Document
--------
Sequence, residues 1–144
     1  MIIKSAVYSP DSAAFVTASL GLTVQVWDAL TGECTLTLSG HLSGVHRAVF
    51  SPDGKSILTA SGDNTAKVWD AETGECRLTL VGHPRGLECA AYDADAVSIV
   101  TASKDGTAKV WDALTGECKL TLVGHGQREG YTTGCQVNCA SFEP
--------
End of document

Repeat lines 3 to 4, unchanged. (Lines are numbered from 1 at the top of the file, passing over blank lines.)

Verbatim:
    51  SPDGKSILTA SGDNTAKVWD AETGECRLTL VGHPRGLECA AYDADAVSIV
   101  TASKDGTAKV WDALTGECKL TLVGHGQREG YTTGCQVNCA SFEP